While the U.S. economy continues its climb out of the depths of the Great Recession, one cohort is having a particularly difficult time regaining its footing: millennials.
Far from monolithic, millennials are entering what should be the prime of their working lives and family-forming years. Instead, they face a daunting mix of economic challenges created by higher rates of under- and unemployment, stagnant incomes, lower levels of wealth than parents at a similar age, rising amounts of student debt, eroding safety nets, the supporting of an aging population, and shrinking public investment. As the millennial generation has matured (the oldest are in their mid-30s), they must now raise families and drive the economy while encumbered with weighty economic baggage.
Yet even as the concept of what constitutes a family evolves, changing socioeconomic conditions are further disrupting its core foundations of support. In recent decades, significant economic shifts — the recession, the shrinking of our 20th-century manufacturing base, the sharp decline in family-run businesses, rising tuition — have limited families' social mobility. Technological innovation has created new opportunities, but also, for families who lack access, raised new barriers to economic and educational success, shutting off access to goods such as healthcare, social inclusion and civic participation. Today, one in five Americans do not have jobs that pay family-sustaining wages, and job prospects for parents with low levels of education are concentrated in the low-wage service and retail sectors. As a result, America is now home to a growing number of vulnerable and financially insecure households.
By many measures, today's younger Americans face more significant economic challenges than younger Americans in previous generations. For example, 45 percent of all unemployed Americans — 5.6 million — are between the ages 18 and 34. Another 4.7 million young people are underemployed. In 2012, the labor force participation rate for young adults declined to the lowest level in four decades. Given the vanishing job opportunities, it comes as no surprise that nearly a quarter of 18-to-29-year olds — 21 million — live with their parents, a 46 percent increase since 2007.
Further, young adults' wealth profile is remarkably poorer. The typical young family has only $3,000 on hand to buffer against a financial emergency, leaving them ill-prepared to weather unexpected contingencies. Also, while middle-age and older Americans have recovered the wealth lost in the recession, younger Americans have recovered only about one-third. Looking back over the last quarter-century, older Americans have (in real terms) nearly doubled their wealth and middle-age Americans have increased their wealth by nearly two-thirds, but the wealth of younger Americans has actually declined. In fact, each generation born during the first half of the 20th century was wealthier than the one before, yet that pattern has broken down. Millennials, and many of the younger members of Generation X, have accumulated less wealth than their parents did at similar ages. Limited access to financial assets, job security and credentials has fed rising poverty, inequality and immobility. As a result, many families struggle to see a future beyond their immediate circumstances and fulfill their potential as parents, students, workers, entrepreneurs and members of their community. There is little doubt that millennials have come of age at a tough time. They got a raw deal.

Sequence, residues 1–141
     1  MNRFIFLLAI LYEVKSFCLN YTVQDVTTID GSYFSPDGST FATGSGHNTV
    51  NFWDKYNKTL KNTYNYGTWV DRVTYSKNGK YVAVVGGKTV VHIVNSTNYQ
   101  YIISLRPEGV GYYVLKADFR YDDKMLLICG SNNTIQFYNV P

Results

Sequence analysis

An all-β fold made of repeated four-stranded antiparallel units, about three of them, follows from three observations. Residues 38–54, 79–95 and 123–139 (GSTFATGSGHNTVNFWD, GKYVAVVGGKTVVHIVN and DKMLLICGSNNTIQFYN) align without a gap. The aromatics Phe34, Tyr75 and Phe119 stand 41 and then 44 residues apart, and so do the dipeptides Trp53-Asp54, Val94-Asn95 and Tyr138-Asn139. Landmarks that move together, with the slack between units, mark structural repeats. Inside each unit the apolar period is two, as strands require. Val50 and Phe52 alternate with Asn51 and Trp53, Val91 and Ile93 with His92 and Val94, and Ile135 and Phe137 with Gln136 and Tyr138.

Unfortunately, our current social policy framework is responding poorly. Designed for a 20th-century industrial era, it is out of step with contemporary realities. Although the economic, social and technological conditions have changed, our public policies are not keeping pace. As a result, the millennial generation is facing a new set of challenges accessing the basic building blocks of success: getting an education, finding a job, raising a family, managing finances and engaging socially and politically. It is time we rethink the basic arrangements of the social contract so it can respond to the unique circumstances of the millennial generation and is aligned with their attitudes, preferences and attributes.
We need to be advancing a set of policies capable of reversing downward mobility, supporting young families and cultivating resiliency. For starters, policymakers should acknowledge that this cohort needs attention. They should be offering means to increase access to educational and training opportunities, improve their economic prospects, make child rearing less costly and promote healthy families. Millennials are no longer just kids. They are older than you think, but they are still our future.
Cramer is director of the Asset Building Program at the New America Foundation, a nonpartisan public policy institute based in Washington.